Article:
Sensation, Perception, Motor and Language development
Sensation, Perception, Motor and Language development 1130
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This 7 page Study Guide was uploaded by Anna Perry on Thursday November 19, 2015. The Study Guide belongs to 1130 at University of Pittsburgh taught by Dr. Beery in Fall 2015. Since its upload, it has received 35 views. For similar materials see Basic applied statistics in Statistics at University of Pittsburgh.
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Date Created: 11/19/15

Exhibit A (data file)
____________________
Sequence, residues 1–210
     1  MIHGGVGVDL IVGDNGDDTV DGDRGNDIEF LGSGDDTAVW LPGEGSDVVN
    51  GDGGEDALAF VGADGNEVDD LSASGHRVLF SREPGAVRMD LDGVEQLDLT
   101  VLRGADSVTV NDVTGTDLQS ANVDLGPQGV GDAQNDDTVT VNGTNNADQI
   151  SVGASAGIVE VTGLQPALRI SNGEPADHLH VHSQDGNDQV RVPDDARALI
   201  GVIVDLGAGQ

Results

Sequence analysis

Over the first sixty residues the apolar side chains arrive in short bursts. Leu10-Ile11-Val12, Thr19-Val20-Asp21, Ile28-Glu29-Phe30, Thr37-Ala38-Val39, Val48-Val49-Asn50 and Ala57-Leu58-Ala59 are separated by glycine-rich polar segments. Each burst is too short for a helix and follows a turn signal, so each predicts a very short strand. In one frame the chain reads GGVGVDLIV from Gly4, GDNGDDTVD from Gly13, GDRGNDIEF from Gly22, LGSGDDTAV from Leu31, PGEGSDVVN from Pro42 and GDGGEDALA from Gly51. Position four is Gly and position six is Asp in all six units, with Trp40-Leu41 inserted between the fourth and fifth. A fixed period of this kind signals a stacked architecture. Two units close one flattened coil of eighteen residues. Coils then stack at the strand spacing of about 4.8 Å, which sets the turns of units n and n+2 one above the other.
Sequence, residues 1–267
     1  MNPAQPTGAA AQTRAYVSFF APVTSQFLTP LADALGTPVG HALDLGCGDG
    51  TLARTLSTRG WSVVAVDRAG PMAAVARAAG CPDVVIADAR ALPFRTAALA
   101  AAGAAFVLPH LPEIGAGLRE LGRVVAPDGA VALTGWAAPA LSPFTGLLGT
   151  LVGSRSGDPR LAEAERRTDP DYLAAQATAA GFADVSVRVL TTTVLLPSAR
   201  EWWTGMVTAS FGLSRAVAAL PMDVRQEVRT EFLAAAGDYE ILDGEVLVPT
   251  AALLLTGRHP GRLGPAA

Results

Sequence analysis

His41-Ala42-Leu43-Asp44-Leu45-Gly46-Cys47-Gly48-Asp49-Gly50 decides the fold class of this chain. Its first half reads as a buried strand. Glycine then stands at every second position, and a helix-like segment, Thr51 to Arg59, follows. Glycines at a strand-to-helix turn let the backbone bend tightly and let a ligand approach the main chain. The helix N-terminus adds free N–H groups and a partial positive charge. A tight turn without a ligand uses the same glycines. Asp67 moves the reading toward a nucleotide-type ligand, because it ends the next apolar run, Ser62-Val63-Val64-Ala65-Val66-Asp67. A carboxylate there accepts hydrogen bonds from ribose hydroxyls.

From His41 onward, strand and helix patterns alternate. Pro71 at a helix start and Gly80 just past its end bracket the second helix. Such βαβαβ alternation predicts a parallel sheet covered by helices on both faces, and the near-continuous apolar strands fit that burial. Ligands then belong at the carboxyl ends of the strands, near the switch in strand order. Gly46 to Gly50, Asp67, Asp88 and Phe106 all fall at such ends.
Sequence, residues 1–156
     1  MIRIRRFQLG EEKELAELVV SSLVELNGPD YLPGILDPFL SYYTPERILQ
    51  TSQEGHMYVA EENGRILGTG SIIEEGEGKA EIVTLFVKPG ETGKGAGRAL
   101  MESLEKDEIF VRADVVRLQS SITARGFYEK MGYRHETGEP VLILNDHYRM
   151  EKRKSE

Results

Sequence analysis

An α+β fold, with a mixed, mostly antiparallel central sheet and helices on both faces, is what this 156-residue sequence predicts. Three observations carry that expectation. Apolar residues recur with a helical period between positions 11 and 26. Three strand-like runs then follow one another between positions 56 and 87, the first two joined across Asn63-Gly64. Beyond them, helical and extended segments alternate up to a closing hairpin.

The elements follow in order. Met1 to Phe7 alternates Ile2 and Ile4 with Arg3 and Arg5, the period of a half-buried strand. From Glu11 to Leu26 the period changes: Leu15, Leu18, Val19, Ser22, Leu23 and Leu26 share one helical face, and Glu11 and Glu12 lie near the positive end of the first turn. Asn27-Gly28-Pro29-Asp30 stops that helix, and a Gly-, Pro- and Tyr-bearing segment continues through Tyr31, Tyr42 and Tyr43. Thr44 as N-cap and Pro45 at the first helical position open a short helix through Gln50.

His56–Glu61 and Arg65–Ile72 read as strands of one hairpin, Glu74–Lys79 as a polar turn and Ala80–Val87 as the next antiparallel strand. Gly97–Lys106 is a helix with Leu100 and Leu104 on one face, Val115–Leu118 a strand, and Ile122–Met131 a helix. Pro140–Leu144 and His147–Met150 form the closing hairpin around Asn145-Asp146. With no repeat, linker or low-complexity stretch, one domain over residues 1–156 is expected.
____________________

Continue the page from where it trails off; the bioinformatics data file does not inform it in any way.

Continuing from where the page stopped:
Perception: Sensation: the processing of basic information from the external world by the sensory receptors in the sense organs and brain Perception: The process of organizing and interpreting sensory information I. Vision A. The preferential-looking technique is a method for studying visual attention in infants that involves showing infants two patterns/objects at a time to see if the infants have a preference over the other B. Visual Acuity 1. Visual acuity is the sharpness of visual discrimination a. Helps researchers to determine how clearly infants can see b. Gratings -> the closer together the lines you can see, the better your discrimination 2. Young infants have poor contrast sensitivity, the ability to detect differences in light and dark areas in a visual pattern a. This is because their cones are immature. b. Newborns’ cones catch only 2% of light striking the fovea, compared to 65% for adults 3. Newborns have 20/120 vision, but by 8 months, it is nearly 20/20. 4. By 2 – 3 months, infants’ color vision is similar to that of adults. C. Visual Scanning 1. Not until 2 – 3 months can infants track moving objects smoothly 2. By 2 months, infants can scan more broadly, enabling them to pay attention to overall shape and inner details D. Pattern Perception 1. The other race effect (ORE) is where individuals find it easier to distinguish between faces of individuals from their own racial group than between faces of other racial groups. a. Newborns show no preference -> until 3 months. E. Object Perception 1. Perceptual constancy is the perception of objects as being of constant size, shape, color, etic., In spite of physical differences in the retinal image of the object 2. Object segregation is the identification of separate objects in a visual array a. Cues: i. Physical separation ii. Motion (common motion/ and independent motion) iii. “Top down” knowledge b. Infants use physical separation by 2 months c. Also use motion by 2 months F. Depth Perception 1. Optical expansion is a depth cue in which an object occludes increasingly more of the background, indicating that the object is approaching a. Infants as young as 1 month blink defensively at an image that appears to be an object heading toward them. b. By 3 – 4 weeks 2. Binocular disparity is the difference between the retinal image of an object in each eye that results in two slightly different signals being sent to the brain a. The greater the binocular disparity, the closer the object b. Stereopsis is the process by which the visual cortex combines the differing neural signals cause by binocular disparity, resulting in the perception of depth i. Emerges 3 - 4 months, critical period ends 6-8 months 3. At 6 -7 months, infants become sensitive to monocular depth cues, the perceptual cues of depth that can be perceived by one eye alone. Also known as pictorial cues because they can be used to portray depth in pictures. a. Occlusion (3 – 4 months) b. Perspective (6 – 7 months) c. Texture (6 – 7 months) II. Auditory Perception A. Auditory localization is the perception of the location in space of a sound source 1. When infants hear a sound, the tend to look toward it 2. To localize a sound, listeners rely on differences in the sounds that arrive at both of their ears. A sound played to their right will arrive at their right ear before reaching the left ear, signaling the direction the sound is coming from. B. Music Perception 1. Infants are sensitive to music. Infant-directed signing appears to trump infant-directed speech. 2. They have preference for consonant intervals over dissonant intervals 3. Infants can make perceptual discriminations that adults cant a. In a way, infants are more “sensitive” to aspects of musical rhythm that adults III. Taste and Smell A. Newborns prefer sweet flavors. IV. Touch A. Infants learn about the environment through active touch B. From 4 months, manual exploration increases and takes precedence over oral exploration V. Intermodal Perception A. Intermodal perception is the combining of information from two or more sensory systems B. By 4 months, an infant can visually recognize an object she touched C. Between 5 – 7 months, infants notice the connection between emotional expressions in faces and voices Motor Development: Does not occur in isolation. There are multiple interacting factors Drives perceptual, cognitive, and social development I. Reflexes A. Reflexes are innate, fixed patterns of action that occur in response to particular stimulation 1. Functions as a sign of healthy development. 2. Newborn reflexes: a. Rooting (disappears ~ 3 weeks) b. Palmar grasp/grasping (disappears 3 – 4 months) c. Stepping (disappears around 2 months) (reappears at 12 months) d. Moro/Startle (disappears around 6 months) II. Motor Milestones A. The achievement of each of the major motor milestones of infancy constitute a major advance, and provides new ways for infants to interact with the world B. Milestones to know: a. Lifts head (by 4 weeks) b. Arms for support (2 – 4 months) c. Reaching/grasping (3 – 4 months) d. Sits without support (5 – 7 months) e. Crawls (5 – 11 months -> 7 is average) f. Walks alone (11 – 14 months) III. Current Views of Motor Development A. Current theorists emphasize that early motor development results from a confluence of numerous factors including developing neural mechanisms, increases in infants’ strength, posture control, balance, perceptual skills, changes in body proportions, and motivation B. Infants derive pleasure from pushing their motor skills IV. The Expanding World of the Infant A. Reaching 1. Reaching involves a complex interaction of multiple, independent components, including muscle development, postural control, development of various perceptual and motor skills, etc. 2. Infants start with prereaching movements, clumsy swiping movements toward the general vicinity of objects they see 3. At around 3 to 4 months, they begin successfully reaching for objects 4. “Sticky mittens” experiment 5. At around 7 months, their reaching becomes stable 6. 10 months old infants’ approach to an object is affected by what they intend to do with it B. Self-Locomotion 1. At around 8 months, infants become capable of self- locomotion, moving by themselves. 2. This begins with crawling 3. They begin walking independently at around 11 to 12 months a. They keep their feet relatively wide apart, flex slightly at the hip and knee, and keep their hands in the air to facilitate balance. b. Practice is vital 4. Infants adjust their mode of locomotion according to their perception of the properties of the surface they want to traverse. 5. Scale error is the attempt by a young child to perform an action on a miniature object that is impossible due to the discrepancy in the relative sizes of the child and the object Language Development: The capacity that most sets humans apart from other species: the creative and flexible use of symbols, which we use to 1. Represent our feelings, thoughts, knowledge and 2. To communicate these to other people I. The Components of Language A. Generativity is the idea that through the use of the finite set of words and morphemes in humans’ vocabulary, we can put together an infinite number of sentences and express an infinite number of ideas 1. Young learners must deal with this complexity B. Phonemes are the elementary units of meaningful sound used to produce language 1. Thus, the first step in children’s language learning is phonological development, the mastery of the sound system of their language. a. The smallest units of meanings are morphemes 2. The second component in language acquisition is semantic development, learning the system for expressing meaning in a language, including word learning. 3. The third component is syntactic development, learning how words and morphemes combine a. Syntax refers to the permissible combinations of words from different categories. In English, the order in which words appear is crucial. 4. Acquiring an understanding of how language is typically used is pragmatic development 5. Adults have considerable metalinguistic knowledge, knowledge about language and its properties C. Learning language involves phonological, semantic, syntactic, and pragmatic development, as well as metalinguistic knowledge. II. What Is Required for Language? A. A Human Brain 1. Language is a species-specific behavior: only humans acquire language in the normal course of development 2. It is also species-universal: language learning is achieved by typically developing infants across the globe. 3. Brain-Language Relations a. Language processing involves a substantial degree of functional localization b. For the 90% of people who are right handed, language is primarily represented and controlled by the left hemisphere. i. Newborns and 3 month olds show greater activity in the left hemisphere when exposed to normal speech than when exposed to reversed speech or silence ii. Infants exhibit greater left-hemisphere activity when listening to speech but greater right- hemisphere activity when listening to non- speech sounds c. The detection of speech tends to involve the right hemisphere whereas the left hemisphere predominantly processes speech. 4. Critical Period for Language Development a. Those who learn a foreign language in adolescence find the task to be much more challenging than do those who learn the foreign language early in childhood b. The early years constitute a critical period during which language develops readily. i. After this period (5-puberty), language acquisition is much more difficult and ultimately less successful ii. The neural circuitry supporting language learning operates differently (and better) during the early years B. A Human Environment 1. When given the choice, newborns prefer listening to speech rather than to artificial sounds a. Infants’ auditory preferences are fine-tuned through experience with human language during their earliest months 2. Infant-Directed Speech a. Infant-directed speech is the distinctive mode of speech that adults adopt when talking to babies b. Characteristics of Infant-Directed Speech i. It is speech suffused with affection ii. Slower speech, higher pitched, exaggeration iii. IDS seems to aid infants’ language development because it draws infants’ attention to speech itself iv. Infants learn and recognize words better when the words are presented in IDS than when they are presented in adult-directed speech. III. The Process of Language Acquisition A. Speech Perception 1. Prosody is the characteristic rhythm, tempo, cadence, melody, intonational patterns, and so forth with which a language is spoken a. Differences in prosody are in large part responsible for why languages sound so different from each other. 2. Speech perception also involves distinguishing among the speech sounds that make a difference in a given language 3. Categorical Perception of Speech Sounds a. Categorical perception is the perception of speech sounds as belonging to discrete categories i. /b/ vs. /p/ ii. VOT shorter for /b/ than /p/ b. Voice onset time (VOT) is the length of time between when air passes through the lips and when the vocal cords start vibrating. c. Young infants can show a sharp distinction between the sounds /b/ and /p/ although adults cannot. i. Tested using habituation technique ii. The harder they sucked, the more often they’d hear repetitions of the speech sound d. Infants show categorical perception of numerous speech sounds and actually make more distinctions than adults e. Infants can distinguish between phonemic contrasts made in all languages. (innate ability) 4. Developmental Changes in Speech Perception a. By 12 months, infants have lost the ability to perceive the speech sounds that are not part of their native language b. After the age of 8 months, infants begin to specialize their discrimination of speech sounds, retaining their sensitivity to sounds in the native language they hear everyday. B. Word Segmentation 1. There are no spaces between words in speech, so infants need to learn word segmentation, the process of discovering where words begin and end in fluent speech a. Infants appear to be remarkably good at picking up regularities in their native language that help them to find word boundaries b. By 8 months, infants expect stressed syllables to begin words and can use this information to pull words out of fluent speech 2. C. Preparation for Production IV.